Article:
Sunday, September 27, 2009

Smells Like Twin Spirit

Late last night I found myself on Lemondrop after following a link from Go Fug Yourself. Before I could say, "Shut Down Now," I had happened upon an article about a woman in Arkansas who got pregnant when she was already with child. In it, there's this gem: "She and her husband are now expecting two children, but they aren't twins. It's called superfetation, and it's incredibly rare. Fortunately, the difference in the two fetuses' ages is so small that there shouldn't be any developmental problems if the first one is carried to term." (Emphasis mine.)

OK. So. There are these two babies in the same uterus at the same time and the difference in their gestational ages in negligible, but they "aren't twins?" What gives? I know the line is mostly just gee-gosh -darn isn't that weird and cool. But also I'd suggest that saying these kids who will pass through their lives in developmental lock step aren't really twins speaks to some deep-seated notion of authenticity in child bearing. That is, there's this smell of something in our culture and in this time of scientific meddling with reproduction that suggests there is some greater reality in childbirth. If you've been meddled with, your conception is less than real. If your twins aren't conceived at the same time, well, then they're not really twins.

I know blogging about this is defensive on my part. After all when my twins (who measured three days apart in gestational age for the first 11 weeks of my pregnancy and who were probably conceived at different times -- one in a laboratory and one, shall we say, spontaneously) were three months old a visitor came over and said, "So, are you going to tell them that they're not really twins?"

Why are people so eager to assign a category to what makes one thing really real? What are the criteria for being real twins anyway? What makes any conception, pregnancy, birth authentic? As little medical meddling as possible in conception and birth? A certain kind of timing when it comes to twins?

What could make two children who have been together since the womb less than twins? My pregnancy was sure treated as a twin pregnancy and so will that of this woman in Arkansas. When I nursed, I have two brand new infants clamoring for my breasts -- so will she. And when we had to get our kids to sleep, there were two with two very different temperaments to try to teach at the same time. I bet if I were to talk to that Arkansas couple in a year, we'll be able to bond on that one.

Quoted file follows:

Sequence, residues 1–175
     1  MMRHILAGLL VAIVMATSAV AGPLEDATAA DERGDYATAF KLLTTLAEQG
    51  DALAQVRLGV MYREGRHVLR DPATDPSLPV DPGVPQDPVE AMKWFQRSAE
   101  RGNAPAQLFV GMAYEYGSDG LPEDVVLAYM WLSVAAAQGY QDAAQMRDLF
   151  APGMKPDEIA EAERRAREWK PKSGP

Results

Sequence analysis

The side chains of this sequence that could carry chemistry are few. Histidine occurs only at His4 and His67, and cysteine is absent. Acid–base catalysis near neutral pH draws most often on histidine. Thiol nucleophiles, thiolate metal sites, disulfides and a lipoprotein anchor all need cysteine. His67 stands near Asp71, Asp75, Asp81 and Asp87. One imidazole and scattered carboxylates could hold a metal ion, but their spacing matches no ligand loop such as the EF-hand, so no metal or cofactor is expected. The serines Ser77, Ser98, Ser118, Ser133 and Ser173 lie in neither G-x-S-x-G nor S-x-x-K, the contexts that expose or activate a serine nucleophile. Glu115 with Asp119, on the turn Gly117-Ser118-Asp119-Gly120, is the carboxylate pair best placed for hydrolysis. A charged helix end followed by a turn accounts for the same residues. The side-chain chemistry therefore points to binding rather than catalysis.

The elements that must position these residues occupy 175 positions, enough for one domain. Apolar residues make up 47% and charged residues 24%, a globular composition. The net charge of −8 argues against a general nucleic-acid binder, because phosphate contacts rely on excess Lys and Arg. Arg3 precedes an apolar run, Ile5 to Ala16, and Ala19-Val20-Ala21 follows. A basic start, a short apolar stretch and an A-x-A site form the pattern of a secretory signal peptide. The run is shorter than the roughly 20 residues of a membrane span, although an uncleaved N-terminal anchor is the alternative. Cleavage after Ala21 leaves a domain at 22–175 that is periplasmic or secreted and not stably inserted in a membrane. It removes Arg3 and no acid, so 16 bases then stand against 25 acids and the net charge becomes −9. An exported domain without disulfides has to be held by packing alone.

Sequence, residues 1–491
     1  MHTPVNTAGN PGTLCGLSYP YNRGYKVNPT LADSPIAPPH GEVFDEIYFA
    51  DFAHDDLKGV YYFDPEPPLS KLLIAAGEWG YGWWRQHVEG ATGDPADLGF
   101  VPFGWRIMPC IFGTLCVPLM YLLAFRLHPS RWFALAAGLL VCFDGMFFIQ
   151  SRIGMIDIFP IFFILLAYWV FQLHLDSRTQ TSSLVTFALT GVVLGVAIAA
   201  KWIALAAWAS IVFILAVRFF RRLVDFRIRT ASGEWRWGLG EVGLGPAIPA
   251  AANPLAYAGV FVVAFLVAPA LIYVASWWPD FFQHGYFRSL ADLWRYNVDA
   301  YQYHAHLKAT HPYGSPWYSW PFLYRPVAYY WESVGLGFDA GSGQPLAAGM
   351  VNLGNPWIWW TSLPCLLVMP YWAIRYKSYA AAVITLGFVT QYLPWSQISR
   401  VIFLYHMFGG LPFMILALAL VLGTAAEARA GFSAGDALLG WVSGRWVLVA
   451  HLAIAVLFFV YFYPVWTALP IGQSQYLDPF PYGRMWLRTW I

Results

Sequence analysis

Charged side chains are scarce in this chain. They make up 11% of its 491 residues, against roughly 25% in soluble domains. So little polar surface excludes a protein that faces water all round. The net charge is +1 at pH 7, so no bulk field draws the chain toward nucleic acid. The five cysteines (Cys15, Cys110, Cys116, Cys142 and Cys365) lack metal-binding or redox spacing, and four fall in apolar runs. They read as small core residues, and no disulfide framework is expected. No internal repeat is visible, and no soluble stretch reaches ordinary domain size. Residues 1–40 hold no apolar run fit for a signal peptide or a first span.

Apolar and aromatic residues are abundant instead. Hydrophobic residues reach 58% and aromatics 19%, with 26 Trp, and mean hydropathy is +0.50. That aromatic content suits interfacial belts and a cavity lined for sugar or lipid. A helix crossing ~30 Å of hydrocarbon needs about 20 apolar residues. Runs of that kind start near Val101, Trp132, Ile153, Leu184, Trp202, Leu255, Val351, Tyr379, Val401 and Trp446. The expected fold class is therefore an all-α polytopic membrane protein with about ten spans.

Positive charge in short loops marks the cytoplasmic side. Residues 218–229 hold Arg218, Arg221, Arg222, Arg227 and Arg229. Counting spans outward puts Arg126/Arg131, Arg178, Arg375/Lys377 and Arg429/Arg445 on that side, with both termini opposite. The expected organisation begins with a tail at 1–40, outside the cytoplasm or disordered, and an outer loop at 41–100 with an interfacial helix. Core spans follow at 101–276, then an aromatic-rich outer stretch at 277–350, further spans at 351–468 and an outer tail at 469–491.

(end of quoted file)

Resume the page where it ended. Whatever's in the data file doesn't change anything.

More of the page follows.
All this to say I just wish we could get over the whole really real thing about making babies and families. Once the babies show up, they're pretty darn real.


Carolyn said...

Robin, the story of your twins conception and arrival still makes me a little teary eyed to think of. It is so moving and so truly beautiful. I remember when I was pumping you for info re all things twin related over a quiche across the Schuykill, and it was the most poignant part of our conversation...that aside, I completely agree with your post..the tendancy to label (and rank?) these things is a shame.

Robin Aronson said...

Thanks, Carolyn. It's all still a little amazing to me, even now that they're almost five. (Do you believe it?) I guess whether or not any ranking is implied could have as much to do with interpretation as the intention of the labeler...for the most part....

Carolyn said...

i understand what you mean by ranking/interpretation...i mean, once people heard i was having twins, it was astonishing how often people asked me if 'it was natural'. it seemed like a shockingly invasive question, and on more than one occasion i got a 'good for you' in response. i don't think that a comment like this was not meant badly, but the fact that the conversation occurred in the first place always bothered me. the weird thing was that a couple years prior i had heard my college roomate ask another friend the same question and at the time it didn't seem nearly as strange as when i was asked myself. a complete shift in perspective...and i'll have to take it that people are just clueless, or that i became defensive for some reason?

Robin Aronson said...

I believe that people have a deep suspicion of reproductive technology--maybe it's unconscious, I don't know. I know that when my kids were babies I was much more defensive about the "natural" question (I wrote about that on literary mama); and I realized when I responded to you that I my feelings about it had shifted considerably making me wonder if the fear/discomfort people might experience in relation to conception/birth might be just that and the judgment piece -- the ranking -- might be my own stuff. That said, I think the whole "Good on you" response to your twins does speak to a feeling that a lot of people have that it's "better" somehow. Then again, I also wonder if people are just curious--as you describe your younger/pre-motherhood self as not feeling like the question of "natural" twins was odd, once you're a parent, the question becomes laden with so much more than curiosity -- but is that for the listener or the questioner and does it matter if the questioner is herself a parent. I wonder if there's some almost evolutionary competition in reproduction.....Look at me -- I'm back and forth and back and forth on this one, which is telling in itself.